Scientists are reporting a breakthrough discovery: A 50-cent-per-pill epilepsy drug may be used to “switch off” autism symptoms in mice, according to a new peer-reviewed study published this week in Molecular Psychiatry journal.
Autism spectrum disorder (ASD) is a complex developmental condition that impacts how an estimated one in 100 Australians perceive and socialise with others.
It is often accompanied by abnormalities such as epilepsy or hyperactivity, according to America’s Centres for Disease Control and Prevention data.
A team of experts at Germany’s Hector Institute for Translational Brain Research found that the medication lamotrigine — an anti-seizure drug approved for use in Australia — was able to curb behavioural and social problems linked to the disorder.
Now, their findings are being hyped as the closest thing yet to a potential cure for humans.
“Apparently, drug treatment in adulthood can alleviate brain cell dysfunction and thus counteract the behavioural abnormalities typical of autism,” lead researcher and cellular biologist Moritz Mall said in a statement.
“[This occurs] even after the absence of MYT1L has already impaired brain development during the developmental phase of the organism.”
Lamotrigine, which is sold under the brand name Lamictal, among others, is a medication used to treat epilepsy and stabilise mood in those who suffer from bipolar disorder.
The drug, which typically sells for about 50 cents per pill in Australia and $3 in the US, works by reversing changes to brain cells caused by a genetic mutation.
Scientists have spent years intensively searching for the molecular abnormalities that contribute to ASD and have identified MYT1L protein as one that plays a role in various neuronal diseases.
The protein is a so-called transcription factor produced by almost all the nerve cells in the body that decides which genes are or are not active in the cell. It also “protects the identity of nerve cells by suppressing other developmental pathways that program a cell towards muscle or connective tissue”.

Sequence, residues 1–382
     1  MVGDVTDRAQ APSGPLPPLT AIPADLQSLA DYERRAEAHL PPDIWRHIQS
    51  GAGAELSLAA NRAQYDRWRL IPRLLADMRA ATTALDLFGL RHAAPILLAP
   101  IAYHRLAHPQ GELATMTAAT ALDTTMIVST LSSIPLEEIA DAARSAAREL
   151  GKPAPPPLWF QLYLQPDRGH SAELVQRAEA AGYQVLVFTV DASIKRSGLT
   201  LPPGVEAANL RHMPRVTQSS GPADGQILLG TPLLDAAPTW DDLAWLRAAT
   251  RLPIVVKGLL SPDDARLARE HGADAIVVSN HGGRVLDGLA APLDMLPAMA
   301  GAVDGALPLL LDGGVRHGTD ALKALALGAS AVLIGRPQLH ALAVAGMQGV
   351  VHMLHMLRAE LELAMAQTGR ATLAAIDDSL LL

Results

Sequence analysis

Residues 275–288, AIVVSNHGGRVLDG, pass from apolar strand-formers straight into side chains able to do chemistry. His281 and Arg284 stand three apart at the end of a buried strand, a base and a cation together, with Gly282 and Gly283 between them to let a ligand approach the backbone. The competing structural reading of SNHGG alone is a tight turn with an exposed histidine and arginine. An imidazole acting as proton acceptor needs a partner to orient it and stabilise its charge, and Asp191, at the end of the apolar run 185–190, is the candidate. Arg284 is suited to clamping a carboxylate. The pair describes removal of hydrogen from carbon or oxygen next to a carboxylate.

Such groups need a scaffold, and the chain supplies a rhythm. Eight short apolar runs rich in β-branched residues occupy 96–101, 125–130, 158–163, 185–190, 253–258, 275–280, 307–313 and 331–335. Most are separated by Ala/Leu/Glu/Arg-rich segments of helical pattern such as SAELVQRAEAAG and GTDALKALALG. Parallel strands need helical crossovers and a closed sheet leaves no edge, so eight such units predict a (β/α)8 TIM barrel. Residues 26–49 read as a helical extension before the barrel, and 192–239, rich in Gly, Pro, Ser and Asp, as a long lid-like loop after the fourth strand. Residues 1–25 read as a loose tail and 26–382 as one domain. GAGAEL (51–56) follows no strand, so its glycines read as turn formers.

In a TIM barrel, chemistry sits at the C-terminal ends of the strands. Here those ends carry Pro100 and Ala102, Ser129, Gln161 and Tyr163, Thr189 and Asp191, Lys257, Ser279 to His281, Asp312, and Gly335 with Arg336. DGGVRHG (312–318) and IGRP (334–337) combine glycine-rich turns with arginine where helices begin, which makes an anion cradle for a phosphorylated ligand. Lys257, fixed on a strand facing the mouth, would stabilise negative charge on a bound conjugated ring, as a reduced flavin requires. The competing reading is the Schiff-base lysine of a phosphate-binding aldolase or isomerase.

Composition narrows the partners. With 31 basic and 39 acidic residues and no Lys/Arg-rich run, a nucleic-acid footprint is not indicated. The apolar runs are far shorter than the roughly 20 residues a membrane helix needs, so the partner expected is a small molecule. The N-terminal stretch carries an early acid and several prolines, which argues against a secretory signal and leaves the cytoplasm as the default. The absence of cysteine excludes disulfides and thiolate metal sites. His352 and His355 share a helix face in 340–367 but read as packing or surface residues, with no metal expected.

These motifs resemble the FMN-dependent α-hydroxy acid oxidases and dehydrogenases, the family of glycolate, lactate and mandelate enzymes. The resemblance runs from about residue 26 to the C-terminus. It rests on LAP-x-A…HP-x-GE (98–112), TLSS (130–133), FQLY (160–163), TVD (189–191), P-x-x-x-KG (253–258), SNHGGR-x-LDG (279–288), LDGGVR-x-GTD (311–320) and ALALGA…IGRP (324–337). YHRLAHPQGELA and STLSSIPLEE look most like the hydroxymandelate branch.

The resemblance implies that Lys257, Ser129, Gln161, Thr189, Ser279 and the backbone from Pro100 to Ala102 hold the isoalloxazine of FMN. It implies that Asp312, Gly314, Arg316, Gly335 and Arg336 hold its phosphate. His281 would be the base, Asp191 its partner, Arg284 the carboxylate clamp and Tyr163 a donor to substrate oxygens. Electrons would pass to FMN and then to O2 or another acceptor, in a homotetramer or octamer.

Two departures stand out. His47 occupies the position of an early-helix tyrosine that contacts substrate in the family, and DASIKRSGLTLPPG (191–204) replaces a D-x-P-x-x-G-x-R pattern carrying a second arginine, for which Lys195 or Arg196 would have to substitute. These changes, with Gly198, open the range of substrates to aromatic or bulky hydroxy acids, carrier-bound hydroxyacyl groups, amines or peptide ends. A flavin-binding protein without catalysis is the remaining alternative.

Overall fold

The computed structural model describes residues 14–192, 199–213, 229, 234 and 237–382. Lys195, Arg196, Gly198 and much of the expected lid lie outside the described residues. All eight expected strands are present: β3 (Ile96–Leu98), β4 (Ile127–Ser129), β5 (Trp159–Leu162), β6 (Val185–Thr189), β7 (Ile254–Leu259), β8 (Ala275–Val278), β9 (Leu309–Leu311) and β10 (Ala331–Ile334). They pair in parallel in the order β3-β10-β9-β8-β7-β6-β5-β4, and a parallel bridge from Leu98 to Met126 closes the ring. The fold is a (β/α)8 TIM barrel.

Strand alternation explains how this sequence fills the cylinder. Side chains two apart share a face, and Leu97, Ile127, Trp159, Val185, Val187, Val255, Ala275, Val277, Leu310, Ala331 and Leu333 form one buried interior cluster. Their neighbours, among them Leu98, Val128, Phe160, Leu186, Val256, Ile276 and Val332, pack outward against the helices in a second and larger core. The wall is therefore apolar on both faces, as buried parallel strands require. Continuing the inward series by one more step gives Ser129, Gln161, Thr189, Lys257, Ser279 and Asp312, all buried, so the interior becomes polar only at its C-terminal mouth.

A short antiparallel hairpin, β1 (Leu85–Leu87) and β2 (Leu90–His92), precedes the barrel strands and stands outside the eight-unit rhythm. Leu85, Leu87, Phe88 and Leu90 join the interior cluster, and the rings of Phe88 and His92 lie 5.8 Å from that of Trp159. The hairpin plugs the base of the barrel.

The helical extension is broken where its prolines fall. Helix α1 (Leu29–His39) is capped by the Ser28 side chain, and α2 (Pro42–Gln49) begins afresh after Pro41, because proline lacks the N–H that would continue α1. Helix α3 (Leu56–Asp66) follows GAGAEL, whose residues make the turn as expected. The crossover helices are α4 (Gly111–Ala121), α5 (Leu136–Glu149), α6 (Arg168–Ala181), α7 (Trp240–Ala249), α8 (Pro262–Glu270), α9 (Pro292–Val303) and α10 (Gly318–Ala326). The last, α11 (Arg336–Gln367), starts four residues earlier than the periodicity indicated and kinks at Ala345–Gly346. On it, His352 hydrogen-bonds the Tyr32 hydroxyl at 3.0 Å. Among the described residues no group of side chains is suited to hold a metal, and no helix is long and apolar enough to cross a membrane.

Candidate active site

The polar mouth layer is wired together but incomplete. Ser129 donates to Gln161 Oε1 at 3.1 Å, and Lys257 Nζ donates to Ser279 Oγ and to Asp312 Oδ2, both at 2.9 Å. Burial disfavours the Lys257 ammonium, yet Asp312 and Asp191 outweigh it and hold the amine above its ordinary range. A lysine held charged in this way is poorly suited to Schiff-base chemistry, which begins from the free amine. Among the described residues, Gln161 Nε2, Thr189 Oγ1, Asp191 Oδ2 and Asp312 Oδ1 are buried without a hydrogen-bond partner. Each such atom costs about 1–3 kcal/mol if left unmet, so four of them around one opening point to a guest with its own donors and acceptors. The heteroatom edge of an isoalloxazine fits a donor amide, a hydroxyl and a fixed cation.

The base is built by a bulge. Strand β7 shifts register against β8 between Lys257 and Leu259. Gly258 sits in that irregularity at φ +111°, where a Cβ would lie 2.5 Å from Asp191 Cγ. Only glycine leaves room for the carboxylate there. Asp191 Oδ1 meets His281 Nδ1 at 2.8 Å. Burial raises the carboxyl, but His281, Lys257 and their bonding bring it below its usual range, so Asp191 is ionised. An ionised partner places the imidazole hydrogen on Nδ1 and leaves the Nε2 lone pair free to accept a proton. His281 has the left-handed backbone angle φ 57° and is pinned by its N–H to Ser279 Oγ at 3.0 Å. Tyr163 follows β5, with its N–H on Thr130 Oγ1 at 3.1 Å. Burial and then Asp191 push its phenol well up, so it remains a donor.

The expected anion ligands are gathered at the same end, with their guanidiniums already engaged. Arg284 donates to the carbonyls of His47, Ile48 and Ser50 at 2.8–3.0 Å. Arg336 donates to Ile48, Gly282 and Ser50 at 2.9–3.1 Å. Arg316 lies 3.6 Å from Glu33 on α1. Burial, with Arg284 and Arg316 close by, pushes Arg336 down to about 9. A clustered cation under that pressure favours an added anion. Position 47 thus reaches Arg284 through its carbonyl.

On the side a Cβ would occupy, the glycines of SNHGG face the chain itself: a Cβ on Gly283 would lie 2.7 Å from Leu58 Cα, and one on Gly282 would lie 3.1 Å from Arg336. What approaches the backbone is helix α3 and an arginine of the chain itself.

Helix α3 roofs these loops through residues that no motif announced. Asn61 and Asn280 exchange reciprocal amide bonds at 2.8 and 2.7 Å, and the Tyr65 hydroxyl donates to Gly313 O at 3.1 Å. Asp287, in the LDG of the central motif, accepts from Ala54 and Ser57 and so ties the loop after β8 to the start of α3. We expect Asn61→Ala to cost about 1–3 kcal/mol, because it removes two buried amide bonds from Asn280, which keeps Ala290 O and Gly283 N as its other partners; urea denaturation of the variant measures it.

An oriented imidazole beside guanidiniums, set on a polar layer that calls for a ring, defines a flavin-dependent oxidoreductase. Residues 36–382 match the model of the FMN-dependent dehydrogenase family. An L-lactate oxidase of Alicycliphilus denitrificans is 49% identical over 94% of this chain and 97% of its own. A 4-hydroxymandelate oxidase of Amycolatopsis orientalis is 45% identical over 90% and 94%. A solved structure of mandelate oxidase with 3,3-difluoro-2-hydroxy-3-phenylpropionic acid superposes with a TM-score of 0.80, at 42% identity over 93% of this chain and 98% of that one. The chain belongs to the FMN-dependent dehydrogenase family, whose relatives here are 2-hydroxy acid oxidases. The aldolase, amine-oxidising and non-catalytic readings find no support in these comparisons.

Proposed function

Mutations of the protein have previously been linked to other neurological diseases and brain malformations.
To test impact of the protein on autism symptoms, researchers at HITBR genetically “switched off” MYT1L in mice and human nerve cells. They found that this led to electrophysiological hyperactivation in the mouse and human neurons impairing nerve function.
The mice lacking MYT1L suffered from brain abnormalities and showed several behavioural changes typical to ASD, such as social deficits or hyperactivity.
Researchers noted that the most “striking” reaction was the discovery that the MYT1L-deficient neurons produced extra sodium channels that are typically restricted to cells in the heart muscle.
These proteins are critical for electrical conductivity and cell function as they allow sodium ions to travel through the cell membrane. Nerve cells that overproduce these sodium channels can result in electrophysiological hyperactivation — a common symptom of autism.
“When MYT1L-deficient nerve cells were treated with lamotrigine, their electrophysiological activity returned to normal. In mice, the drug was even able to curb ASD-associated behaviours such as hyperactivity,” the statement continued.
Clinical human trials studying lamotrigine’s impact on MYT1L are being planned — and while the research is currently limited to mice, the results are promising, researchers stressed.
This article was originally published by the New York Post and reproduced with permission
Story Credit: news.com.au